McDonald arose from a class action gender discrimination suit brought by a flight attendant on behalf of herself and others who were terminated pursuant to an airline policy requiring female flight attendants "to remain unmarried as a condition of employment." McDonald, 432 U.S. at 387-88. The district court denied class certification on numerosity grounds and certified an interlocutory appeal of its order, but the Seventh Circuit declined to hear the appeal. Id. at 388. The named plaintiffs ultimately settled their individual claims. Id. at 389. Within thirty days of the entry of judgment, a member of the putative class who knew of the challenge to the policy filed a motion to intervene for the purpose of appealing the denial of class certification. Id. at 389-90.
The Supreme Court held that the motion to intervene was timely. Id. at 393-96. After noting that the named plaintiffs could have appealed the denial of class certification after final judgment, the Court reasoned that "[t]he critical fact . . . is that once the entry of final judgment made the adverse class determination appealable, the respondent quickly sought to enter the litigation" and concluded that the motion to intervene was made "as soon as it became clear to the respondent that the interests of the unnamed class members would no longer be protected by the named class representatives." Id. at 394. The Court further reasoned that
Id. at 394 n.15 (citations omitted). When a party seeks to intervene "for the purpose of appeal," the Court held that the "critical inquiry . . . is whether in view of all the circumstances the intervenor acted promptly after the entry of final judgment." Id. at 395-96. The motion to intervene was timely because "the respondent filed her motion within the time period in which the named plaintiffs could have taken an appeal." Id. at 396.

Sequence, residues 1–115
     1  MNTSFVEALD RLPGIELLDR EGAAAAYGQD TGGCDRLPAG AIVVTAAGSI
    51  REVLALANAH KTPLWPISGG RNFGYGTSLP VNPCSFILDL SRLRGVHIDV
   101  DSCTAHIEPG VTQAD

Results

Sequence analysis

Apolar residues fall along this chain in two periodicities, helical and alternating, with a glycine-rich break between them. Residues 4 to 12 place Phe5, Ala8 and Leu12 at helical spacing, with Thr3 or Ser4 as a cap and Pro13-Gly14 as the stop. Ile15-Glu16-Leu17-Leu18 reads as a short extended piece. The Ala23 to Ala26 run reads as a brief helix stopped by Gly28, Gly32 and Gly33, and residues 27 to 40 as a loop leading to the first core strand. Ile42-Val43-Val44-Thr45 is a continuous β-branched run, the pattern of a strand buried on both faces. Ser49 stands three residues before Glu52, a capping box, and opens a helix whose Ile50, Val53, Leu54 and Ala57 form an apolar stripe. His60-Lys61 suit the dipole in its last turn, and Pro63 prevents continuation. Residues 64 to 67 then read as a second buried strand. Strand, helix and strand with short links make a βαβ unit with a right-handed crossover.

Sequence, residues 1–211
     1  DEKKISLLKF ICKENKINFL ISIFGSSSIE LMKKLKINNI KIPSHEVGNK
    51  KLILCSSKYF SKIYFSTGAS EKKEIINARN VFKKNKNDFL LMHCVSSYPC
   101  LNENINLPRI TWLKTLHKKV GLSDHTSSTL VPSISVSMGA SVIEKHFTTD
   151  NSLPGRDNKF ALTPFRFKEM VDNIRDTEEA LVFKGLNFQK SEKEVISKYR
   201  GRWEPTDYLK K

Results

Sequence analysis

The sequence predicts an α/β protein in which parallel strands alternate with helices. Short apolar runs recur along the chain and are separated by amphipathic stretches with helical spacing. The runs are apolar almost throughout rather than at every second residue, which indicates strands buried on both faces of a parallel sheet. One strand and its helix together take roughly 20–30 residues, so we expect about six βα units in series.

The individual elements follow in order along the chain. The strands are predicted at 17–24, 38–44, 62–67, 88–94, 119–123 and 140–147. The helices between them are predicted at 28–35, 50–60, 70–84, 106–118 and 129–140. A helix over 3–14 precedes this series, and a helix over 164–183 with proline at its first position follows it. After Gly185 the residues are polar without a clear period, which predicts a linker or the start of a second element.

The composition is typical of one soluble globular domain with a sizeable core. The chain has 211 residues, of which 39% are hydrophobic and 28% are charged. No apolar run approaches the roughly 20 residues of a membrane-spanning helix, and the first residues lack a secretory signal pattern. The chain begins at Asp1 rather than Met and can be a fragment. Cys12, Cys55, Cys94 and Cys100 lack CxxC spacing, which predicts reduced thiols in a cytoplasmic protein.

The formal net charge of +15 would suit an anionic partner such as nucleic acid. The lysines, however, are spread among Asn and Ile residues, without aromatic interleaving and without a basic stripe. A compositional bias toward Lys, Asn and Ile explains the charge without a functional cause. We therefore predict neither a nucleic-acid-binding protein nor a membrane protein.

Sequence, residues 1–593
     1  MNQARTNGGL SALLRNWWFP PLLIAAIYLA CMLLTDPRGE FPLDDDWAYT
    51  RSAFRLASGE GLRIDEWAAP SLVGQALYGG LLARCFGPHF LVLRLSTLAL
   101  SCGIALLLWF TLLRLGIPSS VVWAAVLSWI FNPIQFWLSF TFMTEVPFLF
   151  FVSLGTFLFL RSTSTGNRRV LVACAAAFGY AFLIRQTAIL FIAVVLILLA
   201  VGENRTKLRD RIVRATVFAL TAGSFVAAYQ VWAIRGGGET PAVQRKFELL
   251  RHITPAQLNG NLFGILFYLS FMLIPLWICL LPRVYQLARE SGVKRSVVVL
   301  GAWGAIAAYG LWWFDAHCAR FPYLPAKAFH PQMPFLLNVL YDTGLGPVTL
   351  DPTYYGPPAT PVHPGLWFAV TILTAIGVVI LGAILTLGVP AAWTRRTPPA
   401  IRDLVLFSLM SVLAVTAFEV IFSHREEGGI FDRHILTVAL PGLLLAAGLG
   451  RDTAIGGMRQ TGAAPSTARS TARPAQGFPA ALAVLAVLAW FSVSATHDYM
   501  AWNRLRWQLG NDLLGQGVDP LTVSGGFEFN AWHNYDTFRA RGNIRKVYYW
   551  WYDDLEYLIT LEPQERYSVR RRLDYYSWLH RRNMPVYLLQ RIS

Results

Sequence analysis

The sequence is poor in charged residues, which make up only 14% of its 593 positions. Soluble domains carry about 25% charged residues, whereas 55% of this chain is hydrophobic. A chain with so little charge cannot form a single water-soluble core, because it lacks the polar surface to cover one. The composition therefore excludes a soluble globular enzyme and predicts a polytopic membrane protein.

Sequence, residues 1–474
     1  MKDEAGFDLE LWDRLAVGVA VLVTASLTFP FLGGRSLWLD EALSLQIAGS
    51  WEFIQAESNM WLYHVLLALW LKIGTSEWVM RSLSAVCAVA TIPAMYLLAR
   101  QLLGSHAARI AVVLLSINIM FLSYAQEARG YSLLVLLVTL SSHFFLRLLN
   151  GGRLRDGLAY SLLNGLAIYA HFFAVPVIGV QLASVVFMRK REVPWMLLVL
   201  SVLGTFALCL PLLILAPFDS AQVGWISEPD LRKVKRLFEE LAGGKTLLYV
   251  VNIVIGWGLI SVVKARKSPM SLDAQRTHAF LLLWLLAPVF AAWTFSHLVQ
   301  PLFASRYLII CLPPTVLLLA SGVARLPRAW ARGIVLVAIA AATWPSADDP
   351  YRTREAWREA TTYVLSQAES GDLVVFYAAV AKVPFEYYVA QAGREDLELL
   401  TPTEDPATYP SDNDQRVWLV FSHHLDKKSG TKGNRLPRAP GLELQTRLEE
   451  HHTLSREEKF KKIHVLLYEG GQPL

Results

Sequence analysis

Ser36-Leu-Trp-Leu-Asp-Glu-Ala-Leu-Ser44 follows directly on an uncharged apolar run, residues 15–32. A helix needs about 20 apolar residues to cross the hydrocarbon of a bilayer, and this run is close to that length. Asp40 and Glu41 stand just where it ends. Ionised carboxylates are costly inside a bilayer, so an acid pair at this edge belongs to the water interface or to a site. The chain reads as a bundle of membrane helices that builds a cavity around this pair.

At the outset, the parties agree that McDonald does not establish a per se rule "that a motion to intervene is always timely under McDonald if it is filed within thirty days of final judgment." Although one court of appeals appears to have adopted such a rule, see Alaska v. Suburban Propane Gas Corp., 123 F.3d 1317, 1320 (9th Cir. 1997) ("[S]o long as the motion to intervene is filed within the time within which the named plaintiffs could have taken an appeal, the motion is timely as a matter of law."), others have interpreted McDonald to afford the district court some level of discretion in ruling on post-judgment motions to intervene, see, e.g., Larson v. JPMorgan Chase & Co., 530 F.3d 578, 583 (7th Cir. 2008) (Posner, J.) ("We do not read [McDonald] as establishing an inflexible rule that a motion to intervene in a class action to appeal an earlier order in that action is always timely provided it is filed shortly after the final judgment in the class action."); Dow Jones & Co. v. U.S. Dep't of Justice, 161 F.R.D. 247, 251-52 (S.D.N.Y. 1995) (Sotomayor, J.) (finding that "the rule enunciated in [McDonald]. . . supplement[s], rather than supplant[s]," general timeliness considerations). The latter view is better reasoned, as intervention has traditionally been a matter within a trial court's discretion, see Bhd. of R.R. Trainmen v. Balt. & Ohio R.R. Co., 331 U.S. 519, 524 & n.5 (1947), and McDonald explicitly accounted for the need to consider "all the circumstances" attendant to a motion to intervene, 432 U.S. at 395201296.